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Example not-necessarily-terminating rules

From: Dave Reynolds <der@hplb.hpl.hp.com>
Date: Tue, 03 Feb 2009 23:50:55 +0000
Message-ID: <4988D85F.9060004@hplb.hpl.hp.com>
To: RIF WG <public-rif-wg@w3.org>

As Jos pointed out, without a specific definition of 
guaranteed-terminating safeness it is hard to construct a clear cut example.

However, here's a simple example which I believe would fail for any such 
definition.

Length of an RDF list:

    length(rdf:nil, 0).
    length(?list, ?len) :- ?list[rdf:rest->?next],
                           length(?next, ?l), ?len = ?l + 1 .

For well-formed RDF data then lists are linear and finite and this will 
terminate with either a forward or backward chaining proof strategy. RDF 
does not preclude circular lists so it would be possible to construct a 
RIF+RDF combination which would not terminate with this rule set, hence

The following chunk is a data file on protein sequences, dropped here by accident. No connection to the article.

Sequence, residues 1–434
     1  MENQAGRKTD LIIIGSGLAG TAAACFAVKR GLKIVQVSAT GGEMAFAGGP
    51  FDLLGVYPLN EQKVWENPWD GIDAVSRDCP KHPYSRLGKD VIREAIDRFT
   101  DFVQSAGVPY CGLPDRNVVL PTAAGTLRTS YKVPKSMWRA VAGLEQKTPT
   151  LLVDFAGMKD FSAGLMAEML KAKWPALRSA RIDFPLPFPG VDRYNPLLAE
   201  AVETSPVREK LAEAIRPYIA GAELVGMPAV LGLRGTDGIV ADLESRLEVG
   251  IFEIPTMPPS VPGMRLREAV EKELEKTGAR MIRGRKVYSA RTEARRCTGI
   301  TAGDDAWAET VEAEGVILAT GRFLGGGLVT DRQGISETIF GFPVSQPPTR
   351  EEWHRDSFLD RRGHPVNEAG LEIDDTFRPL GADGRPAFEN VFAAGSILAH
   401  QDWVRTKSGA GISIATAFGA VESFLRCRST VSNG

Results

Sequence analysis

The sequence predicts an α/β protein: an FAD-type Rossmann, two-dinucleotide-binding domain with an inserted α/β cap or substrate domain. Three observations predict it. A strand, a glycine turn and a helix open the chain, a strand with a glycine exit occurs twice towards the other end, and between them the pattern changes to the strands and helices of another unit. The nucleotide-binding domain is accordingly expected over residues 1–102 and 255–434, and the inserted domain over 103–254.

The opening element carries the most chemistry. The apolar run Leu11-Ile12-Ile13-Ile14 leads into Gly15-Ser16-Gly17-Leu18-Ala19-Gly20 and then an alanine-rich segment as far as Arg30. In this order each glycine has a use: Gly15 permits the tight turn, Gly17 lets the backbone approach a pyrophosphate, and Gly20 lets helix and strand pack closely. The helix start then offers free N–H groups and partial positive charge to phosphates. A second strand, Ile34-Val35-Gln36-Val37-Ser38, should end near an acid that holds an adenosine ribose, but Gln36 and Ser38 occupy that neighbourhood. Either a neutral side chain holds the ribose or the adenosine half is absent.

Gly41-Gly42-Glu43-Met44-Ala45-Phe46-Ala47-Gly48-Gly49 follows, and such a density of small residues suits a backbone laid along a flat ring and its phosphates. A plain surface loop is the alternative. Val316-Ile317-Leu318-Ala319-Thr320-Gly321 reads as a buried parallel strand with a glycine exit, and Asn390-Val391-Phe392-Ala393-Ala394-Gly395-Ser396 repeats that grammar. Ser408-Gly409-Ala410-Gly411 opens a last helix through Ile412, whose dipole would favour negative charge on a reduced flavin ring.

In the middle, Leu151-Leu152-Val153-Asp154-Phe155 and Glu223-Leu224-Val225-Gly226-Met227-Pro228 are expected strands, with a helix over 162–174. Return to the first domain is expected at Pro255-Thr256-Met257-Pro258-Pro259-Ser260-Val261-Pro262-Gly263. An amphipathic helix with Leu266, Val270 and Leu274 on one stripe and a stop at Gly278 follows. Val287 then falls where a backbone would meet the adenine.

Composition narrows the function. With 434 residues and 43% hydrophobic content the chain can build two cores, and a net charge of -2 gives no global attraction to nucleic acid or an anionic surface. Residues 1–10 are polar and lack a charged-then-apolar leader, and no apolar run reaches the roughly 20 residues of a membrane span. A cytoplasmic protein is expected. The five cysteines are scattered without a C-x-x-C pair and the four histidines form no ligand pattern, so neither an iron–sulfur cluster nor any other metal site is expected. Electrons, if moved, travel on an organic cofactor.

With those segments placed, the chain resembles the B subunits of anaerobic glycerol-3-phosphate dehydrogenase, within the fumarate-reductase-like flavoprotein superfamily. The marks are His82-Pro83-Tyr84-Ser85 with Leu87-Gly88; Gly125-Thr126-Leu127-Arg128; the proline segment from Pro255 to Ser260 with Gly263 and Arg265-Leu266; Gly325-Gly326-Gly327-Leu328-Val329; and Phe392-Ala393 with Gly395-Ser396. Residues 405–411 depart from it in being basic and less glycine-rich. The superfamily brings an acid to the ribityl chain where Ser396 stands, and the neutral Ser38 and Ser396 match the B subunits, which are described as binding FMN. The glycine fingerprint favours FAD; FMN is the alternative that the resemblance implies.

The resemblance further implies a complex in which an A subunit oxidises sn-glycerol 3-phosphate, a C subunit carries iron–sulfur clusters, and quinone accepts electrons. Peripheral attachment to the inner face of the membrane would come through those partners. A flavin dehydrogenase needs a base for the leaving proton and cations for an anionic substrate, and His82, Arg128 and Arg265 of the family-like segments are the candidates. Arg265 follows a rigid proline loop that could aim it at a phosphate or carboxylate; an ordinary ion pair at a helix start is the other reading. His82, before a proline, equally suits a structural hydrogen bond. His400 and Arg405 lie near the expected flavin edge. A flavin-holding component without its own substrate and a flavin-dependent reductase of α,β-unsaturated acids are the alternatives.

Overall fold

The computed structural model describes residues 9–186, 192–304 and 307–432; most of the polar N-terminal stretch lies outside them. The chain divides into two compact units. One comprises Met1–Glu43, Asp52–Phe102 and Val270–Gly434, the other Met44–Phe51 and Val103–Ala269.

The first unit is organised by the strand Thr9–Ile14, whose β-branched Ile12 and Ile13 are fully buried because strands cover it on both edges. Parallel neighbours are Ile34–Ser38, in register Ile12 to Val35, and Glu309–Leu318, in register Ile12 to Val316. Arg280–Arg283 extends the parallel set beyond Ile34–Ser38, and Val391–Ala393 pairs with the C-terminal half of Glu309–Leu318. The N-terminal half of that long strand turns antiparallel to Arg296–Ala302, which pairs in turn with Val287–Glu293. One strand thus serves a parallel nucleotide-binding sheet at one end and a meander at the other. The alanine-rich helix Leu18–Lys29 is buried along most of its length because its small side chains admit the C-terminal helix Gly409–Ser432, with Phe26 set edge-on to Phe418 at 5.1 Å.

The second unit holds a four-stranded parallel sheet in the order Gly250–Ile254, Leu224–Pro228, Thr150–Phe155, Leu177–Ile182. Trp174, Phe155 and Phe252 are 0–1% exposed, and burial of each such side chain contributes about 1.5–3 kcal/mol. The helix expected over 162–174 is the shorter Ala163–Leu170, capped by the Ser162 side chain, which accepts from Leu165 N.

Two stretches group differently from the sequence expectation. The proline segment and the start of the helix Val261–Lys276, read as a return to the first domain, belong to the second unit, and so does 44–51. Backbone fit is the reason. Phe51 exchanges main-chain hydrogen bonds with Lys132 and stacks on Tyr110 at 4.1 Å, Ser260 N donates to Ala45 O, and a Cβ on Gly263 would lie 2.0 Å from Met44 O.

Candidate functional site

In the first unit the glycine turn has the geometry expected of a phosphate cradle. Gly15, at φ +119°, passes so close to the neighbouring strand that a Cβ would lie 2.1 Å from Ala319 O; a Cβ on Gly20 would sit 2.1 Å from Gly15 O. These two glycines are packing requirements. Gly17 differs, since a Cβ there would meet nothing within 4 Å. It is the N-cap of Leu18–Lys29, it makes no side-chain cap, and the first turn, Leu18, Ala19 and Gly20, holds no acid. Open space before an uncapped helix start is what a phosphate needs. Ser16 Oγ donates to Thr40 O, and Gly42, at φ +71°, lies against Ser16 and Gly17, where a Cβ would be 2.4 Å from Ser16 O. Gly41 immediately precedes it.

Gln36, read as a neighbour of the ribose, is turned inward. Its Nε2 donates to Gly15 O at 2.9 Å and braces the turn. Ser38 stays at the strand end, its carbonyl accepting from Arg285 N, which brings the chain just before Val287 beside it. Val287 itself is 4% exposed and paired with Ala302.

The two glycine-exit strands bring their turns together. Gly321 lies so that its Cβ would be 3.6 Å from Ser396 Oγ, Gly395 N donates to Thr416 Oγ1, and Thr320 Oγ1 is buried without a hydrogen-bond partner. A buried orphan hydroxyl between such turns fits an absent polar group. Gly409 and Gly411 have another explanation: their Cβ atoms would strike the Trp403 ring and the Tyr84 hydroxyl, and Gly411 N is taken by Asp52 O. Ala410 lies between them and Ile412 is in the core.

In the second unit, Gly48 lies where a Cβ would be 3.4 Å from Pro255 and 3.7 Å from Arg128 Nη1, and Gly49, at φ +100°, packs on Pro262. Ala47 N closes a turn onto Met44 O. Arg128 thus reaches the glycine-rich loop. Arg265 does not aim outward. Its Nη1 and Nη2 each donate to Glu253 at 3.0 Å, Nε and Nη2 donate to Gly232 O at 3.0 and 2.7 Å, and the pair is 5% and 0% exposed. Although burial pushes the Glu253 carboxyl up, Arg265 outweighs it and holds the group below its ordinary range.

no reasonable definition of terminating-safeness would admit this rule 
set. Yet I assert that counting of finite things (e.g. the number of 
items in an invoice, or number of authors on a paper) is a reasonable 
thing to want to do within Core.

Note that the original proposal [1] did not allow for assignment and had 
no distinction between recursive and non-recursive rule sets so in fact 
a simple "business" rule like:

    finalPrice(?x, ?p) :-  price(?x, ?r), discount(?x ?d), ?p = ?r * ?d.

would, I believe, have been unsafe.

Does this help?

Dave

[1] http://lists.w3.org/Archives/Public/public-rif-wg/2008Sep/0178.html
Received on Tuesday, 3 February 2009 23:51:40 GMT

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